Kurdish Officials Sanction Abductions in Kirkuk
Wednesday, June 15, 2005
KIRKUK, Iraq -- Police and security units, forces led by Kurdish political parties and backed by the U.S. military, have abducted hundreds of minority Arabs and Turkmens in this intensely volatile city and spirited them to prisons in Kurdish-held northern Iraq, according to U.S. and Iraqi officials, government documents and families of the victims.
Seized off the streets of Kirkuk or in joint U.S.-Iraqi raids, the men have been transferred secretly and in violation of Iraqi law to prisons in the Kurdish cities of Irbil and Sulaymaniyah, sometimes with the knowledge of U.S. forces. The detainees, including merchants, members of tribal families and soldiers, have often remained missing for months; some have been tortured, according to released prisoners and the Kirkuk police chief.
A confidential State Department cable, obtained by The Washington Post and addressed to the White House, Pentagon and U.S. Embassy in Baghdad, said the "extra-judicial detentions" were part of a "concerted and widespread initiative" by Kurdish political parties "to exercise authority in Kirkuk in an increasingly provocative manner."
The abductions have "greatly exacerbated tensions along purely ethnic lines" and endangered U.S. credibility, the nine-page cable, dated June 5, stated. "Turkmen in Kirkuk tell us they perceive a U.S. tolerance for the practice while Arabs in Kirkuk believe Coalition Forces are directly responsible."
The cable said the 116th Brigade Combat Team, which oversees security in Kirkuk, had urged Kurdish officials to end the practice. "I can tell you that the coalition forces absolutely do not condone it," Brig. Gen. Alan Gayhart, the brigade commander, said in an interview.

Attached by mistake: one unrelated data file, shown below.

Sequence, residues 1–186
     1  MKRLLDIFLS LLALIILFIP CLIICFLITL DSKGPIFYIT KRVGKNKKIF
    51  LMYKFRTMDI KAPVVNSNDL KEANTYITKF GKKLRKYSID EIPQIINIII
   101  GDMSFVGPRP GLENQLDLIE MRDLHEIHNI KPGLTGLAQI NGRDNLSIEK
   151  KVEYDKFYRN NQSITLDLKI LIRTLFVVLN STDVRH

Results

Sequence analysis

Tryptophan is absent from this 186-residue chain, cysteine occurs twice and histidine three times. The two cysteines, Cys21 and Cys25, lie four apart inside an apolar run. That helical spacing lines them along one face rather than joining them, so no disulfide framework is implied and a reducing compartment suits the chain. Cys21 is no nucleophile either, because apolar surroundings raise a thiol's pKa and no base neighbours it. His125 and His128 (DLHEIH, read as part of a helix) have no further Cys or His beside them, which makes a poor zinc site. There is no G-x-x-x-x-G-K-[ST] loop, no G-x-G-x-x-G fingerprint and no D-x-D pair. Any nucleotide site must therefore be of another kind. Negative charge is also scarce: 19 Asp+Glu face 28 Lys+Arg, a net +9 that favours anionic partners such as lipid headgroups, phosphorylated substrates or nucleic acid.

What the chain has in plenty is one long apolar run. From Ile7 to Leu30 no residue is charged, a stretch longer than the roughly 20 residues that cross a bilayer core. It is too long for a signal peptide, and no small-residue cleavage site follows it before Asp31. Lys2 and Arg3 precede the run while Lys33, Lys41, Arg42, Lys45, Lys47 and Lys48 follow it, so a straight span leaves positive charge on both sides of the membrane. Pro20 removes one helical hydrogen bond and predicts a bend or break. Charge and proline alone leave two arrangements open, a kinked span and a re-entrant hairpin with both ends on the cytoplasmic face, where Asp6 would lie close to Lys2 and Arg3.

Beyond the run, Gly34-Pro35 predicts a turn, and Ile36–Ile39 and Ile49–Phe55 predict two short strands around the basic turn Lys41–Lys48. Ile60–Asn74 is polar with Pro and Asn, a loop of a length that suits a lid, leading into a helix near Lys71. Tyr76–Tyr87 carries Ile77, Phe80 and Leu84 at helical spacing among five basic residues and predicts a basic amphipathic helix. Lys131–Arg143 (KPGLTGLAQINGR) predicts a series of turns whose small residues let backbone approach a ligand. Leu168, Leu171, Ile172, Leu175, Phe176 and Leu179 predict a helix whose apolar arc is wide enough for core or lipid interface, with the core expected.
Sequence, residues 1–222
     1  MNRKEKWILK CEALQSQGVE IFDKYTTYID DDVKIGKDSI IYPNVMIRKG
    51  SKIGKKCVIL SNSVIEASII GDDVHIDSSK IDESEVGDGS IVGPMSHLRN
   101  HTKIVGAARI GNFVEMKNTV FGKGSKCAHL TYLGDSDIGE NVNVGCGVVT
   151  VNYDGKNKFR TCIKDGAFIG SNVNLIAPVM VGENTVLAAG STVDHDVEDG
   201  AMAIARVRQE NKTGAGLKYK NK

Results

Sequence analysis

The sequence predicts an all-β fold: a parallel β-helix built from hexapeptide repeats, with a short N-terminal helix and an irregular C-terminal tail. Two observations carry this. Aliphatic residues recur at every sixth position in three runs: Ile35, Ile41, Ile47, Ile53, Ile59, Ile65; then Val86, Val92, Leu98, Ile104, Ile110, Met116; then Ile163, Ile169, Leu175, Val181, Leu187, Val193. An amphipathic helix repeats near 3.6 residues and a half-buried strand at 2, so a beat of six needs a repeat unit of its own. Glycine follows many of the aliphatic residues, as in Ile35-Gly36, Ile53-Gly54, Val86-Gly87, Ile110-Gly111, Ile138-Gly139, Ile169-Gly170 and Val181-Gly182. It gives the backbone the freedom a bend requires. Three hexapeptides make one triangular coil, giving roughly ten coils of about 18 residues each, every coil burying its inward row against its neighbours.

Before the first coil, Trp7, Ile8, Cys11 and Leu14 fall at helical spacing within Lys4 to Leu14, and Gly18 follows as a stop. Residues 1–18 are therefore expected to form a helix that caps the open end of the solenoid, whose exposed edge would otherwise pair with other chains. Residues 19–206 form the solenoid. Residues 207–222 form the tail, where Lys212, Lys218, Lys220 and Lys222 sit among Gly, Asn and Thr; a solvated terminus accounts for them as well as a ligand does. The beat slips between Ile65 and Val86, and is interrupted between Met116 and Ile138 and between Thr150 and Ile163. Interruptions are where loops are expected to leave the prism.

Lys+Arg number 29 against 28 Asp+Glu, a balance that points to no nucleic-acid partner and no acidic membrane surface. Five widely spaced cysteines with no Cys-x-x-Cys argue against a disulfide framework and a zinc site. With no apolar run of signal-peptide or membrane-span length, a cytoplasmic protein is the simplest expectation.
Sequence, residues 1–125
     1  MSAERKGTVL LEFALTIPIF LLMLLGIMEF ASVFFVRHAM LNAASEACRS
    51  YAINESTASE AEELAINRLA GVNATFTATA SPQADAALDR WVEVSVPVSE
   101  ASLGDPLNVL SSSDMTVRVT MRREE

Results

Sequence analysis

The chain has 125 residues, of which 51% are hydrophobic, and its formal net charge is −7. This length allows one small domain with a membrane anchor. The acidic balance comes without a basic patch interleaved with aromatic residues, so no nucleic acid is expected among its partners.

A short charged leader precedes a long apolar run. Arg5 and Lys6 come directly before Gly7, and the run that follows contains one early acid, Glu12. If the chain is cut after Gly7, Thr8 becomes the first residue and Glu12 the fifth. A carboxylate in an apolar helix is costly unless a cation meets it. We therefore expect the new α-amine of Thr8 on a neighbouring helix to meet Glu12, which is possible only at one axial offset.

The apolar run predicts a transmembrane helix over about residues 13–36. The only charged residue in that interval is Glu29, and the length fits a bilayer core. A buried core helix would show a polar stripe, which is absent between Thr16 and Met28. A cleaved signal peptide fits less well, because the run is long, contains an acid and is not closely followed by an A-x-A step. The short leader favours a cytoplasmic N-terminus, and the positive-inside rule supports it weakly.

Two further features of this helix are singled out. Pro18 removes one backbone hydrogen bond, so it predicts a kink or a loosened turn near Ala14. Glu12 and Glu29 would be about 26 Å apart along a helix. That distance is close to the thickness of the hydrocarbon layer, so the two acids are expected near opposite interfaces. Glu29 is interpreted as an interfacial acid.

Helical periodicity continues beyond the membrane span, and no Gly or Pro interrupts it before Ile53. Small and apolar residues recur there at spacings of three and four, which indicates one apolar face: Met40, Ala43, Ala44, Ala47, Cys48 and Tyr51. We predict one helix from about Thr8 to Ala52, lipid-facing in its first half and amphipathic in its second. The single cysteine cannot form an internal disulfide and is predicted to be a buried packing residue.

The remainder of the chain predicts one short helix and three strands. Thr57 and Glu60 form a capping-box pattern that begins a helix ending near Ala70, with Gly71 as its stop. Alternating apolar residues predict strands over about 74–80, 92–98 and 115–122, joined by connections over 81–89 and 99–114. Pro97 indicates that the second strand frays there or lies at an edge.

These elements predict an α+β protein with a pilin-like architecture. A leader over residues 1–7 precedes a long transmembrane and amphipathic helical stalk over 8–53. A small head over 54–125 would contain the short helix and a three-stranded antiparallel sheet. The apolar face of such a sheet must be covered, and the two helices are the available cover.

Kirkuk, a city of almost 1 million, is home to Iraq's most combustible mix of politics and economic power. Kurds, who are just shy of a majority in the city and are growing in number, hope to make Kirkuk and the vast oil reserves beneath it part of an autonomous Kurdistan. Arabs and Turkmens compose most of the rest of the population. They have struck an alliance to curb the ambitions of the Kurds, who have wielded increasing authority in a long-standing collaboration with their U.S. allies.
Some abductions occurred more than a year ago. But according to U.S. officials, Kirkuk police and Arab leaders, the campaign surged after the Jan. 30 elections consolidated the two main Kurdish parties' control over the Kirkuk provincial government. The two parties are the Patriotic Union of Kurdistan and the Kurdistan Democratic Party. The U.S. military said it had logged 180 cases; Arab and Turkmen politicians put the number at more than 600 and said many families feared retribution for coming forward.
U.S. and Iraqi officials, along with the State Department cable, said the campaign was being orchestrated and carried out by the Kurdish intelligence agency, known as Asayesh, and the Kurdish-led Emergency Services Unit, a 500-member anti-terrorism squad within the Kirkuk police force. Both are closely allied with the U.S. military. The intelligence agency is made up of Kurds, and the emergency unit is composed of a mixture of Kurds, Arabs and Turkmens.
The cable indicated that the problem extended to Mosul, Iraq's third-largest city and the main city in the north, and regions near the Kurdish-controlled border with Turkey.
The transfers occurred "without authority of local courts or the knowledge of Ministries of Interior or Defense in Baghdad," the State Department cable stated. U.S. military officials said judges they consulted in Kirkuk declared the practice illegal under Iraqi law.
Early on, the campaign targeted former Baath Party officials and suspected insurgents, but it has since broadened. Among those seized and secretly transferred north were car merchants, businessmen, members of tribal families, Arab soldiers and, in one case, an 87-year-old farmer with diabetes. A former fighter pilot said his interrogation in Irbil focused in part on whether he participated in the chemical weapons attack on the Kurdish city of Halabja in March 1988, in which an estimated 5,000 people died.
"I think it's about revenge," said the man, who identified himself as Abu Abdullah Jabbouri and who was released last week from the prison in Irbil.